The phase shift determines the speed of light through the material. Light excites electrons, which vibrate, reradiating light of a different phase, which excites electrons downstream, which vibrate, reradiating light of yet a different phase, and so on - light accumulates a larger and larger phase difference as it travels through the material, so it looks like it moved way slower than light moves in vacuum. This is how light propagates through a transparent material. Now the speed of light is just proportional to the refractive index, so you can see that the refractive index must depend on frequency, because the phase shift depends on frequency. This is where Snell's law enters the picture, because Snell's law is all about the refractive index. This is why different wavelengths are refracted at different angles.
Thanks for the question. I am going to present a simplistic picture of what happens. The true picture involves quantum theory as well as the Kramers-Kronig relations--which are best left for specialized college classes on spectroscopy. On a molecular level, the photon is scattered by a molecule. In the scattering process, the molecule gets hit by the photon and gains some angular momentum. In the collision, the photon lost some angular momentum. This loss of angular momentum results in the change in the angle of the photon trajectory. The photon trajectory has changed and this change is called refraction. You can demonstrate this type of effect by throwing a piece of clay at a piece of pipe.
I hope this helps.
When considering things at the molecular lever, remember that what we see on a larger scale is actually an average effect. A molecule that absorbs a photon of light can emit it at any angle. Many molecules within a piece of glass emit in many different directions. Along one direction (i.e. the refraction angle), the photons from the many molecules support each other. They are in phase with each other, producing constructive interference. If the glass large is enough to eliminate any awareness of the molecules, then only that angle of constructive interference produces light strong enough to measure.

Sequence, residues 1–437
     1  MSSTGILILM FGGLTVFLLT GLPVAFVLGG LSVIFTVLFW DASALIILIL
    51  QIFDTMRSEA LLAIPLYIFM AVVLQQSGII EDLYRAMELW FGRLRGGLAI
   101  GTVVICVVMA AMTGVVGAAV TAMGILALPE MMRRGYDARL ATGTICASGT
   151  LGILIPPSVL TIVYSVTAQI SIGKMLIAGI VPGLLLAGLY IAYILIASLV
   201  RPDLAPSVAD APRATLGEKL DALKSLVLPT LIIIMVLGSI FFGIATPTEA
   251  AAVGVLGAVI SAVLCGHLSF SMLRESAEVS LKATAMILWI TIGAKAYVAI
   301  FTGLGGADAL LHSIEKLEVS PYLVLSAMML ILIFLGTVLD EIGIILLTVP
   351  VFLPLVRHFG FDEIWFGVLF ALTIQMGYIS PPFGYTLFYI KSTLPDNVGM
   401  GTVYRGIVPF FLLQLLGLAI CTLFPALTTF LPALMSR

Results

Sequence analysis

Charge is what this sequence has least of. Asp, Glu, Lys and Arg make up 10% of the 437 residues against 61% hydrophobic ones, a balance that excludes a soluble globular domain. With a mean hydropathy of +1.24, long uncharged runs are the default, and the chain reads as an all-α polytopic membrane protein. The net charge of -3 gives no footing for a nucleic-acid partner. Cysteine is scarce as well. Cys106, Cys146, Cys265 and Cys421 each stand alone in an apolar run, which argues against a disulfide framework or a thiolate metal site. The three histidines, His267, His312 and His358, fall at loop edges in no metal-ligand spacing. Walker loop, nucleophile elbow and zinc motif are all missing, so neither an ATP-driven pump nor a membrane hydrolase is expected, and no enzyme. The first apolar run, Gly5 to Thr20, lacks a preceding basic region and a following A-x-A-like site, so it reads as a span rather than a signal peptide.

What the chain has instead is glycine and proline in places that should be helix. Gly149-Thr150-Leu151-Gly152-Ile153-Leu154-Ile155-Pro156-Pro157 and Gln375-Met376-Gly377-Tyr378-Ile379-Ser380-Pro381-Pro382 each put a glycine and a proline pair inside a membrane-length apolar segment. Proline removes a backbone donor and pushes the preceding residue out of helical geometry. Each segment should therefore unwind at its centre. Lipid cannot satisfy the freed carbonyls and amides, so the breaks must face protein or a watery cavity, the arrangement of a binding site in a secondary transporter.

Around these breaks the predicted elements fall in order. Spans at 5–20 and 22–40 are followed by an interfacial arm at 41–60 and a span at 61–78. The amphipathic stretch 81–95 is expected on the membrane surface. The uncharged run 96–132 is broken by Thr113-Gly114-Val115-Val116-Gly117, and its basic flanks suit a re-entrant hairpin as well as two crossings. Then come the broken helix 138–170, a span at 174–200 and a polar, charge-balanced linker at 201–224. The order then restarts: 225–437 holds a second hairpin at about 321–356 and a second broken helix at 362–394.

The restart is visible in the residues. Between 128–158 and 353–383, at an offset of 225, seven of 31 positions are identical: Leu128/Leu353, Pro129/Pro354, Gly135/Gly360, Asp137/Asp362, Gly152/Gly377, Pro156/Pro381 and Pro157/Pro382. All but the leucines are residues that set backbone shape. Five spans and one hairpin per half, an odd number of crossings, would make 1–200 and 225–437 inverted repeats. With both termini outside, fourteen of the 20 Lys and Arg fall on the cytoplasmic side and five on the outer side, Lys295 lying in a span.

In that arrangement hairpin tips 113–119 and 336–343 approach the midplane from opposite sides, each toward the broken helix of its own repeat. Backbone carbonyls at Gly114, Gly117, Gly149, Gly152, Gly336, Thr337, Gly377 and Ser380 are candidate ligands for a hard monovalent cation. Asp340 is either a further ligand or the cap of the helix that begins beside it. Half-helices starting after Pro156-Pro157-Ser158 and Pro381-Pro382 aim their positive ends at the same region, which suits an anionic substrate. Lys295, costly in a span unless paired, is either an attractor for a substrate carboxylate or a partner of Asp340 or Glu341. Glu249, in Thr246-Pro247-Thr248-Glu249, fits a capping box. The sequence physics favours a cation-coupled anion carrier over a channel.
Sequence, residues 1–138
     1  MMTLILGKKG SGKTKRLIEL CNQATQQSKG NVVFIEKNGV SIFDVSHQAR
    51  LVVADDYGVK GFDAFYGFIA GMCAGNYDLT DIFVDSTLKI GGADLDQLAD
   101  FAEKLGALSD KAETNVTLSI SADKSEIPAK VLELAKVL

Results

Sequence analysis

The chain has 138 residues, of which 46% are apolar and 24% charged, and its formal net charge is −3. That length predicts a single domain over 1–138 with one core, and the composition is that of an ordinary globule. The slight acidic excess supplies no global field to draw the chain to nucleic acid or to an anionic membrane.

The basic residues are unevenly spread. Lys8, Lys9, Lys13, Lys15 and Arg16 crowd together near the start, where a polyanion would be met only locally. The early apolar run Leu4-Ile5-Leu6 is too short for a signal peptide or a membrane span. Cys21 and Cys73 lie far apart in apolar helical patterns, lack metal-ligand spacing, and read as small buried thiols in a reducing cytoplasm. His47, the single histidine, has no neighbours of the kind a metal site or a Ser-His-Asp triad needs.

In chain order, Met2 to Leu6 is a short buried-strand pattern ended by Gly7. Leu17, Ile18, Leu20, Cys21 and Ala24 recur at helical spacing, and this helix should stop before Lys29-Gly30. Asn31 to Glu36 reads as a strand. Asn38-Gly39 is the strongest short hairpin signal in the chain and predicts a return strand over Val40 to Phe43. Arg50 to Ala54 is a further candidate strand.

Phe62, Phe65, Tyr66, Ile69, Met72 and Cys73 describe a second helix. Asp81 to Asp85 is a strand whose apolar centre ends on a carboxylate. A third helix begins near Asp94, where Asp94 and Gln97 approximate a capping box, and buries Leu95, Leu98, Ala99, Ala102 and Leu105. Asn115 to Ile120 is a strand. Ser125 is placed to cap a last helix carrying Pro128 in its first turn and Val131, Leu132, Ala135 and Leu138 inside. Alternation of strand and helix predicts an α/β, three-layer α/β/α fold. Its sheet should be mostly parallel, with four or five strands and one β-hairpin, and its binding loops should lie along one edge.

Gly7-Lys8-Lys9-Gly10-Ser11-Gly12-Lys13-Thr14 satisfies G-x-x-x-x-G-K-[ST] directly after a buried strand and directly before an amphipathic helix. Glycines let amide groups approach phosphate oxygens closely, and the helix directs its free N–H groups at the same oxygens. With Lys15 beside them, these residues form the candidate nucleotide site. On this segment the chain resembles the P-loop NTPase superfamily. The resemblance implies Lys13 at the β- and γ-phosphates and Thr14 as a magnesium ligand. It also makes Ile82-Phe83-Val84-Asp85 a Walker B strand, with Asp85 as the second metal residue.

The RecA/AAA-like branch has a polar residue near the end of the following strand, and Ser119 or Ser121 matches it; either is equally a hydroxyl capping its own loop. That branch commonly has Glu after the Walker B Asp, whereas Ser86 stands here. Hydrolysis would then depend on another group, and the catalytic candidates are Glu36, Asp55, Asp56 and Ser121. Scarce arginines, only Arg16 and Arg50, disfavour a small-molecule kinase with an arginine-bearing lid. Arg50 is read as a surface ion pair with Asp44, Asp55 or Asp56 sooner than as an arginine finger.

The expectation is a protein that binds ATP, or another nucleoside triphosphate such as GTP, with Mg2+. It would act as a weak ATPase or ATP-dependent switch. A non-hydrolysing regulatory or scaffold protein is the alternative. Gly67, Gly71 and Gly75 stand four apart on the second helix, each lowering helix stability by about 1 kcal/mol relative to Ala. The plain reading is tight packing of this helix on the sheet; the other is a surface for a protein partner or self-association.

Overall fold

Kenneth E. Mellendorf
Illinois Central College
We may assume that light is at different frequencies and a material is composed of electrons residing in orbitals at different energy levels. Recall that these orbitals are forever changing due to input energy, but the molecular bonds vibrate or stretch according to frequency.
So if a glass made of fused borosilicate is encountered white light (photons of various frequencies): SiO2 vibrates at several specific frequencies, so does Na2O, CaO and Bo2O3 and AlOx. These vibrational frequencies are absorbing photon energy and then releasing it as the light propagates, So the photons interact with the electrons of these fused materials and thus slow down, causing a refraction or bending dependent on frequency.
It should be noted that although the net speed of light has decreased, the photons that move from molecule to molecule still move at c, the speed of light in that medium.
Because varied frequencies tend to group, the net result is what we visualize as a spectrum. There is a lot of overlap, which is why a rainbow seems to blend the colors. For scientific instruments, we use monochrometers to single out a very small selection of frequencies.
Peter E. Hughes, Ph.D. Milford, NH
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Update: November 2011